Molehill Primary Academy has a Specialist Resource Provision (SRP) that has 10 places for children with speech and language disorders.
We are able to include no more than two children in the unit per academic year group due to physical space constraints in classrooms for the children to work with their mainstream peers. This stipulation is made to ensure effective inclusion and learning opportunities for all children. As the provision aims to achieve a high level of inclusion into mainstream classes and whole school life, placement of a child in the provision must not be to the detriment of either the child or their peers.
- The child must have an Education, Health and Care Plan (EHCP) stating the child’s primary need as a Developmental Language Disorder (DLD), a language disorder associated with a biomedical condition or a speech disorder.
- The child will have scores within the average range for non-verbal abilities.
- There should be no primary hearing difficulties needing input from the hearing impaired service.
- Social, emotional and mental health difficulties must not be the main cause for concern.
- It is recognised that these may occur as a temporary underlying need, as a result of the speech and language disorder, but these must not present a major barrier to the learning of an individual child. Where incidents are frequent or intensive, where the child is not responding to support, where the child poses a risk to self or others, and/or impacts on the learning of other children, their place in the unit will be reviewed. This may be through the process of annual review, which may be brought forward.
- There should be no primary diagnosis of ASD. If a child’s speech and language difficulties include mild traits of Autistic Spectrum Disorder [ASD], placement in the provision may still be considered. If the child’s ASD generates a barrier to the development of communication and learning, it may not be possible to meet these needs in our provision. Social interaction skills must fall within the neuro typical range. A multi-sensory approach can be overwhelming for children with ASD, and this approach is used in our setting.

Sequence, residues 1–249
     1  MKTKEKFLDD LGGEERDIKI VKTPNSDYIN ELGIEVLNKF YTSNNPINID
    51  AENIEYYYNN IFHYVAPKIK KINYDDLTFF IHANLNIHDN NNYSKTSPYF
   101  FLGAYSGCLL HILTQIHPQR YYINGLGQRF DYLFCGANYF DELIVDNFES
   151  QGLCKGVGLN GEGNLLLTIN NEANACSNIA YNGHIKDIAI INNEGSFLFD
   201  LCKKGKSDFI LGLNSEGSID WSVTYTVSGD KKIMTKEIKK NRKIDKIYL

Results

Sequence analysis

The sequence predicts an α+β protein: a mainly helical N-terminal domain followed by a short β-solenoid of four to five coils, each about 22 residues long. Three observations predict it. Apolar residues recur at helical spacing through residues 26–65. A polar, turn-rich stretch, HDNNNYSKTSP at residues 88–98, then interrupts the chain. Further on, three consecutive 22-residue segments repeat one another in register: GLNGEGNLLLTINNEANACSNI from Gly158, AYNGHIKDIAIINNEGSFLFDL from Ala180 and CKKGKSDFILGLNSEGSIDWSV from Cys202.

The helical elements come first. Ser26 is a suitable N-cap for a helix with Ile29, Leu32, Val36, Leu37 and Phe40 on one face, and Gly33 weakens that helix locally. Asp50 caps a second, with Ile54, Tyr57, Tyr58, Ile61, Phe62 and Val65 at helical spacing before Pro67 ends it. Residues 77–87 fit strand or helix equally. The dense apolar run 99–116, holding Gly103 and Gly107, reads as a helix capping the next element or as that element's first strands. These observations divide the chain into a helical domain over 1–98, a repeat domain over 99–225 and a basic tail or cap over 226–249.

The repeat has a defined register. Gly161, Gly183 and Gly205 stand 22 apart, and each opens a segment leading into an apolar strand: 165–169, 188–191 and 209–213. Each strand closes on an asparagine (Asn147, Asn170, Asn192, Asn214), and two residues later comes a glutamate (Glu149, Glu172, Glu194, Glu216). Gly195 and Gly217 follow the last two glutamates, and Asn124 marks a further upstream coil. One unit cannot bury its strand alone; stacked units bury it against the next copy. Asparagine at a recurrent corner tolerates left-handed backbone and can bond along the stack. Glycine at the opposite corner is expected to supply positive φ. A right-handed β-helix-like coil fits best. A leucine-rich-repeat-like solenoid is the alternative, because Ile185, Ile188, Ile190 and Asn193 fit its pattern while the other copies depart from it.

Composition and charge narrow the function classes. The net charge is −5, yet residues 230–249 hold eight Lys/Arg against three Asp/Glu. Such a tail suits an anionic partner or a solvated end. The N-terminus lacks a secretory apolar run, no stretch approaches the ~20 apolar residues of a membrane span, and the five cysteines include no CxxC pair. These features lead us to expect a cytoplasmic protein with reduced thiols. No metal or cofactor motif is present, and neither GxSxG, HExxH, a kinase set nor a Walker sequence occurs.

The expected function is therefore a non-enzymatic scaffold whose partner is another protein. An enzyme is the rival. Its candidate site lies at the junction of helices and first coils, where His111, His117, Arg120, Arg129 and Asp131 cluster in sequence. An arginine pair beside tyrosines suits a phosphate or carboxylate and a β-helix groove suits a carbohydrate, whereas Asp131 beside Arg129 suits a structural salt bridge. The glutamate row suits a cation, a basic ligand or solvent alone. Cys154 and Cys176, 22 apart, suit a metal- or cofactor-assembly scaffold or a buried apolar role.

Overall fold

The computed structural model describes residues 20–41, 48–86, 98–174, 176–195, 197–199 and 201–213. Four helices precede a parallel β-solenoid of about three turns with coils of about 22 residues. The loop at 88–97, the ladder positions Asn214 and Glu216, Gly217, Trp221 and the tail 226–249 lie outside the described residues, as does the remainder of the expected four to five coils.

- Children will be expected to access a high level of mainstream inclusion in order to experience a variety of learning and social opportunities, and to generalise their learning and independence. They may not be supported by an additional adult for all of these inclusive opportunities.
- The pupil’s projected end of key stage attainment is expected to fall within the expectations described in the national curriculum end of year descriptors for children from Years 4 to 6.
- Places in the unit are commissioned by Kent Local Authority who consult with the Principal and governing body. Reports and any other available information will be scrutinised by the Multiagency Admissions Advisory Panel who will carefully consider the needs of each child, together with those of others already placed in the unit and the wider school.
- Designated staff from our school will visit the child to observe them in their current setting and liaise with staff to gain further insight into their needs and to support the decision making process.
Each child’s progress is continually monitored by Teaching Staff and Speech and Language Therapists in collaboration with other professionals where appropriate. If significant changes become evident in the child’s profile and their needs cannot be best met in the provision, alternative provision will need to be considered.